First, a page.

Review of 35th Anniversary Concert, Haydn’s Creation
By Joyce Tamer
Publicized in part by the Telegram & Gazette, April 27, 2009
Joseph Haydn penned the inscription “Laus Deo” at the end of his many compositions as an indication of his deep religious faith. He also enjoyed nature and possessed a joie de vivre. In his music, particularly in the oratorio The Creation, he was able to express all these facets of his personality.
During a sojourn in London, Haydn had been deeply moved by Handel’s oratorios and resolved to write in that form himself. For the first of his efforts in the form, he chose the creation of the world as the theme and used as text a portion of the creation story from the Book of Genesis as well as excerpts from Milton’s Paradise Lost. The Creation was written when Haydn was sixty-six years old, a product of his later years and conceived after he had already written his 104 symphonies. The work is scored for chorus, orchestra and soloists, who represented Adam and Eve and the angels Gabriel, Raphael, and Uriel.
Michelle Graveline conducted the Salisbury Singers in their interpretation of The Creation in the beautiful setting of St. Stephen’s Church on Saturday. They were joined in part by soloists Diane Cushing, soprano, Allen Combs, tenor, and Steven Small, baritone, a small orchestra and harpsichord. The chorus’ numbers were increased with the addition of fifteen students who participate in the Advanced Chorus at Worcester Academy, a lovely gesture of community outreach and quite probably a thrill for the young singers to be part of such a large and excellent performance.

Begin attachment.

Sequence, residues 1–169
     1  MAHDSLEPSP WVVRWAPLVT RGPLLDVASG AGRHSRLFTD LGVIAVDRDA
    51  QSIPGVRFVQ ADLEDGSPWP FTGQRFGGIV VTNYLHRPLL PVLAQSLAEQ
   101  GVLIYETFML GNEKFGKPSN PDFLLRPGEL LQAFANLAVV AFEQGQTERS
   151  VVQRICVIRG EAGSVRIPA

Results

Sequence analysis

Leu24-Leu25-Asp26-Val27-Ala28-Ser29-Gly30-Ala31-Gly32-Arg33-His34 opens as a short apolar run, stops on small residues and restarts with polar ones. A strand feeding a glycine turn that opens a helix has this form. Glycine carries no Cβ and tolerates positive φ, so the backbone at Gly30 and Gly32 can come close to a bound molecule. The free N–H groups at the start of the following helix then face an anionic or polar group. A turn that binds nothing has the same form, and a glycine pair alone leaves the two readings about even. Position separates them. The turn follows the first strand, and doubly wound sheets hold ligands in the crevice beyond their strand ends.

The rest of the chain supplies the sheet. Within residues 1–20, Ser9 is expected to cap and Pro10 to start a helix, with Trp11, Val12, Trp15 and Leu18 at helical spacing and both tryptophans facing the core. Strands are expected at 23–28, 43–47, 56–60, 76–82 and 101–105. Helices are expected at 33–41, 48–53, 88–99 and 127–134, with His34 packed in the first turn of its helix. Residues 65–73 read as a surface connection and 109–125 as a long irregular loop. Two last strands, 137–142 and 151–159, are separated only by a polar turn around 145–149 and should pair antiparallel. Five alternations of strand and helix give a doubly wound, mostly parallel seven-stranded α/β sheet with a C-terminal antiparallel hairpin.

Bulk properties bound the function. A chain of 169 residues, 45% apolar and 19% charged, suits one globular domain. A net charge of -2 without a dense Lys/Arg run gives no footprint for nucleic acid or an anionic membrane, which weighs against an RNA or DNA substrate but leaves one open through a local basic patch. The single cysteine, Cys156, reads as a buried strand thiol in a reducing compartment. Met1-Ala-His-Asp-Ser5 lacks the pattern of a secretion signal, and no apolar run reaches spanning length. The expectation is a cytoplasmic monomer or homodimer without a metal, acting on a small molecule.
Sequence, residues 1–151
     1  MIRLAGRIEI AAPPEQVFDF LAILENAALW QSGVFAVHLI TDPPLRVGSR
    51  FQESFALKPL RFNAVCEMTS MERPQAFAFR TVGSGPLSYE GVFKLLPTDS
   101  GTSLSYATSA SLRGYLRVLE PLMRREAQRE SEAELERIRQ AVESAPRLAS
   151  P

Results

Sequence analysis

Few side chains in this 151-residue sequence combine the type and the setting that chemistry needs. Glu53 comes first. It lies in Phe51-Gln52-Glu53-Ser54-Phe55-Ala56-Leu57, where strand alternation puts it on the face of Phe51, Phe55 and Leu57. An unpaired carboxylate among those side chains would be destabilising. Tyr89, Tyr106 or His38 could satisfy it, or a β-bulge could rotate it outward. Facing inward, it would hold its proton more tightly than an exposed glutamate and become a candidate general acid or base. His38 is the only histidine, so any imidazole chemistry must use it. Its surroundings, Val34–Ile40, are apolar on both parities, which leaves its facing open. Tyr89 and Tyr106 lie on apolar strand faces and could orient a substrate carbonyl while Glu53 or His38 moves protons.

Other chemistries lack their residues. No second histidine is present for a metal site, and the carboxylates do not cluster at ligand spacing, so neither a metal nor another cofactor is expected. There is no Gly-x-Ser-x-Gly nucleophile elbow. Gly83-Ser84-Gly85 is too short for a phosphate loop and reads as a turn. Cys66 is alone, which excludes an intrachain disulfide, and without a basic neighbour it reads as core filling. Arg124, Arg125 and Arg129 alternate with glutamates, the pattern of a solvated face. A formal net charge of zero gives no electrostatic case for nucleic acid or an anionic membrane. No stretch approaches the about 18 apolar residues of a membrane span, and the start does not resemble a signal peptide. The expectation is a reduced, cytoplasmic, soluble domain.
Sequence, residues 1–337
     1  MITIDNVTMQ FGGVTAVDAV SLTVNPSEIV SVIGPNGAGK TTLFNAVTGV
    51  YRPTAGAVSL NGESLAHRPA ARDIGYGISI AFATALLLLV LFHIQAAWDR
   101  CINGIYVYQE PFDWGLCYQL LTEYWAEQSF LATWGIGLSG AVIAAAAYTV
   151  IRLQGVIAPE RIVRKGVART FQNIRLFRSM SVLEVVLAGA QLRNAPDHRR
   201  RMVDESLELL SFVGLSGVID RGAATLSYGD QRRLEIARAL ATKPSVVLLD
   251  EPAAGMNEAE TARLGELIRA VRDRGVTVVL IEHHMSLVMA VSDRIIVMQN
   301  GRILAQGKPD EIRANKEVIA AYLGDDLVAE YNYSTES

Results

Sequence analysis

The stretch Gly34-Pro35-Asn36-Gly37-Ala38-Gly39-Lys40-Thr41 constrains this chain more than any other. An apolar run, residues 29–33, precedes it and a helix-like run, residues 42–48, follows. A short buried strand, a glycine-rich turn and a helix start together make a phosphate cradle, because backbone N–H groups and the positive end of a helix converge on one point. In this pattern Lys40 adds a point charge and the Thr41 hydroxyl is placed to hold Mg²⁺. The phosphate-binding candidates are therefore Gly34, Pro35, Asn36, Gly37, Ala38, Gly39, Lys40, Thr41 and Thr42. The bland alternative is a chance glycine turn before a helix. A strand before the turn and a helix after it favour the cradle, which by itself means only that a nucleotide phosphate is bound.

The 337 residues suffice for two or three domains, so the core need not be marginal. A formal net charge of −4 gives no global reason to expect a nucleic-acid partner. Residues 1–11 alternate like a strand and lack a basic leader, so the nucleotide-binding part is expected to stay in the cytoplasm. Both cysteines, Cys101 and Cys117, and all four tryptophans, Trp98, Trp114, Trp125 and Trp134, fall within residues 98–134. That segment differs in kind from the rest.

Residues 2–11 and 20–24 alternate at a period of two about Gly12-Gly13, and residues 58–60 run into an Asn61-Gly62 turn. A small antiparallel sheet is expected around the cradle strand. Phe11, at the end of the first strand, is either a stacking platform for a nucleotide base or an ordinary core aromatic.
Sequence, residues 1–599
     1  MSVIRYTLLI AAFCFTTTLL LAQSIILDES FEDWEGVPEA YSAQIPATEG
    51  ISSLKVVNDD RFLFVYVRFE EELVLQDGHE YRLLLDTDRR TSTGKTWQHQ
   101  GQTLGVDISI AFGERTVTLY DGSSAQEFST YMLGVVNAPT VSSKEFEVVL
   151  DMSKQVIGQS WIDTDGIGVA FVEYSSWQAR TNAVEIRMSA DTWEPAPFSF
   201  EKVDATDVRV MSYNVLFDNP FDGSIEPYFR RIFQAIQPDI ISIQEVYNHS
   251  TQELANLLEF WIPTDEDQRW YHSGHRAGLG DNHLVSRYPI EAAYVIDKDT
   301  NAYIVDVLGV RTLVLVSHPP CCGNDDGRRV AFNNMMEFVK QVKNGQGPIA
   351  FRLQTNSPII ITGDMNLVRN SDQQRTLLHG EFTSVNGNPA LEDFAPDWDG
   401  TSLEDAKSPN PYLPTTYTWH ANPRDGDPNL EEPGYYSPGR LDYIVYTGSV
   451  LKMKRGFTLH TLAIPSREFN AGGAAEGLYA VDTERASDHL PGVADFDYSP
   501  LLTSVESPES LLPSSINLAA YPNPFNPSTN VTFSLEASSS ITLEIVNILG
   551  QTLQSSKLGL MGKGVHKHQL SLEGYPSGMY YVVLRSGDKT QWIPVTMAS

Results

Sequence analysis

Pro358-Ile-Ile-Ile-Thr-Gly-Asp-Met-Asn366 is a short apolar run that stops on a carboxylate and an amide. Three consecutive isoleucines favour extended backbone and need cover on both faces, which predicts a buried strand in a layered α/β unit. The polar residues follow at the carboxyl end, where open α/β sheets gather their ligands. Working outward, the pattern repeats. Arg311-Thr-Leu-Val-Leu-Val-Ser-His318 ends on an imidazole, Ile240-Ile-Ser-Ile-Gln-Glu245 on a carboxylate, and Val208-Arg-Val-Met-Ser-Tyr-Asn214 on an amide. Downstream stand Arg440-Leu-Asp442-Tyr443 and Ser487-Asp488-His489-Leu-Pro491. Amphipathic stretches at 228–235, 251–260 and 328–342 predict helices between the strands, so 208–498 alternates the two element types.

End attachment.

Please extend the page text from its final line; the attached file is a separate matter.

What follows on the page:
The angels in The Creation are the narrators of the story. In each recitative, they report on what has occurred and in the subsequent aria expand upon the events. Tenor Allen Combs, who was a last minute substitute for the announced tenor, was an excellent Uriel. His recitatives were dramatically delivered and the arias were musically and effectively sung. Baritone Steven Small, singing the angel Raphael in Part I of the oratorio as well as Adam in Part II, has a lovely, light baritone voice which unfortunately was often overpowered by the full orchestra. It also seemed that the lower notes of the part were not in a comfortable vocal range for him. Eve and the angel Gabriel were sung by Diane Cushing with a beautiful vocal quality that was unfortunately marred with intonation problems throughout her performance.
The chorus was very effective in singing the hymns of praise which followed the recitatives and arias. Their sound was relaxed and open and their singing, while reflecting Haydn’s religious fervor, was never overwrought or forced. Dynamics were tastefully done, intonation was excellent and parts were clearly delineated. The fugal section of the final chorus was particularly crisp and well executed.
The orchestra provided a stylish, lively and at times amusing accompaniment. Words of course are the most important aspect of an oratorio and Haydn skillfully wrote the orchestra part to enhance the text. But Haydn was a playful person and liked to incorporate musical jokes into his music, so the orchestra, as Haydn intended, provided the audience with doves cooing, cows lowing, nightingales singing and assorted other sounds which accompanied the creation of the world.
The Creation showcases Haydn’s powerful faith, his joy in the natural world and his gentle sense of humor. The Salisbury Singers and Michelle Graveline conveyed these attributes with a beautifully sung and stylishly performed account of one of Haydn’s most beloved pieces.